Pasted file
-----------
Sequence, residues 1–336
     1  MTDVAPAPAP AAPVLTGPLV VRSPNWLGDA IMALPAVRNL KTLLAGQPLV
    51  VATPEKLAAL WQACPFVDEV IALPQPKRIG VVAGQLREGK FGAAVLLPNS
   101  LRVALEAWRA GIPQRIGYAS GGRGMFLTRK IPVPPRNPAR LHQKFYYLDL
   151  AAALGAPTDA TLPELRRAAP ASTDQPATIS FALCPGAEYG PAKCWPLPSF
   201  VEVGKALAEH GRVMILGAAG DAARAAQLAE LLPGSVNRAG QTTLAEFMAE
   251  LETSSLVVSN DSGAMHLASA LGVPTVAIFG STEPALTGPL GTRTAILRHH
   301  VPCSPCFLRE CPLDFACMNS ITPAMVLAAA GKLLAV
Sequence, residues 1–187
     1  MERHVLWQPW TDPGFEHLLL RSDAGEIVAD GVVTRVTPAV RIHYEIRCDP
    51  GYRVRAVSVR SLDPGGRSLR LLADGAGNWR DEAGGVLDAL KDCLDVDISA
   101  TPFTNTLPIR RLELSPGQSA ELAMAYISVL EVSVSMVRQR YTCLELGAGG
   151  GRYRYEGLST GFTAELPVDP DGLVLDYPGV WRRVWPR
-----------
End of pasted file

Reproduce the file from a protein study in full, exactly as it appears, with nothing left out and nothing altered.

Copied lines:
Sequence, residues 1–336
     1  MTDVAPAPAP AAPVLTGPLV VRSPNWLGDA IMALPAVRNL KTLLAGQPLV
    51  VATPEKLAAL WQACPFVDEV IALPQPKRIG VVAGQLREGK FGAAVLLPNS
   101  LRVALEAWRA GIPQRIGYAS GGRGMFLTRK IPVPPRNPAR LHQKFYYLDL
   151  AAALGAPTDA TLPELRRAAP ASTDQPATIS FALCPGAEYG PAKCWPLPSF
   201  VEVGKALAEH GRVMILGAAG DAARAAQLAE LLPGSVNRAG QTTLAEFMAE
   251  LETSSLVVSN DSGAMHLASA LGVPTVAIFG STEPALTGPL GTRTAILRHH
   301  VPCSPCFLRE CPLDFACMNS ITPAMVLAAA GKLLAV
Sequence, residues 1–187
     1  MERHVLWQPW TDPGFEHLLL RSDAGEIVAD GVVTRVTPAV RIHYEIRCDP
    51  GYRVRAVSVR SLDPGGRSLR LLADGAGNWR DEAGGVLDAL KDCLDVDISA
   101  TPFTNTLPIR RLELSPGQSA ELAMAYISVL EVSVSMVRQR YTCLELGAGG
   151  GRYRYEGLST GFTAELPVDP DGLVLDYPGV WRRVWPR